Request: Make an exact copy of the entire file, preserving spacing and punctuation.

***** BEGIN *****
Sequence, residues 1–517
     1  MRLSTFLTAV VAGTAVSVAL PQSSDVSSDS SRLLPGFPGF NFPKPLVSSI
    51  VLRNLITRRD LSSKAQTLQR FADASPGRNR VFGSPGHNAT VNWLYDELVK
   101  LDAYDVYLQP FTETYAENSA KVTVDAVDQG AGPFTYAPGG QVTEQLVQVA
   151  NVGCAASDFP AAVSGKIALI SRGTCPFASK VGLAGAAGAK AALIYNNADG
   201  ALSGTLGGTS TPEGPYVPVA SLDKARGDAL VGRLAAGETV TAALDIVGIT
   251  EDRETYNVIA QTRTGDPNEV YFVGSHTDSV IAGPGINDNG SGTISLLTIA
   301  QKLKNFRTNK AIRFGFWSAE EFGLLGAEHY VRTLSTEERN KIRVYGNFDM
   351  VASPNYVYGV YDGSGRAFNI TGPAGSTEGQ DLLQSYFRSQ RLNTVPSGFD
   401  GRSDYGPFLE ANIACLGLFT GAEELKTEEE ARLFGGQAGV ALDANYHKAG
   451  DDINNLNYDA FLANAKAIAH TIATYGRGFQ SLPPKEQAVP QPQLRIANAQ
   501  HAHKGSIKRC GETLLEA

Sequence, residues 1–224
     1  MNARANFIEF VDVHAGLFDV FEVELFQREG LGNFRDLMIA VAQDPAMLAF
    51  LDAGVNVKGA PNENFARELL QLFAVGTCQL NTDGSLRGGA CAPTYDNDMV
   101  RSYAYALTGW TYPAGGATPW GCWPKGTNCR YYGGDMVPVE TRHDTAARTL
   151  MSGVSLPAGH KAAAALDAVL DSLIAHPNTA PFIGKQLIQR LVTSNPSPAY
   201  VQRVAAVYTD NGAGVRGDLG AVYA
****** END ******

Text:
Sequence, residues 1–517
     1  MRLSTFLTAV VAGTAVSVAL PQSSDVSSDS SRLLPGFPGF NFPKPLVSSI
    51  VLRNLITRRD LSSKAQTLQR FADASPGRNR VFGSPGHNAT VNWLYDELVK
   101  LDAYDVYLQP FTETYAENSA KVTVDAVDQG AGPFTYAPGG QVTEQLVQVA
   151  NVGCAASDFP AAVSGKIALI SRGTCPFASK VGLAGAAGAK AALIYNNADG
   201  ALSGTLGGTS TPEGPYVPVA SLDKARGDAL VGRLAAGETV TAALDIVGIT
   251  EDRETYNVIA QTRTGDPNEV YFVGSHTDSV IAGPGINDNG SGTISLLTIA
   301  QKLKNFRTNK AIRFGFWSAE EFGLLGAEHY VRTLSTEERN KIRVYGNFDM
   351  VASPNYVYGV YDGSGRAFNI TGPAGSTEGQ DLLQSYFRSQ RLNTVPSGFD
   401  GRSDYGPFLE ANIACLGLFT GAEELKTEEE ARLFGGQAGV ALDANYHKAG
   451  DDINNLNYDA FLANAKAIAH TIATYGRGFQ SLPPKEQAVP QPQLRIANAQ
   501  HAHKGSIKRC GETLLEA

Sequence, residues 1–224
     1  MNARANFIEF VDVHAGLFDV FEVELFQREG LGNFRDLMIA VAQDPAMLAF
    51  LDAGVNVKGA PNENFARELL QLFAVGTCQL NTDGSLRGGA CAPTYDNDMV
   101  RSYAYALTGW TYPAGGATPW GCWPKGTNCR YYGGDMVPVE TRHDTAARTL
   151  MSGVSLPAGH KAAAALDAVL DSLIAHPNTA PFIGKQLIQR LVTSNPSPAY
   201  VQRVAAVYTD NGAGVRGDLG AVYA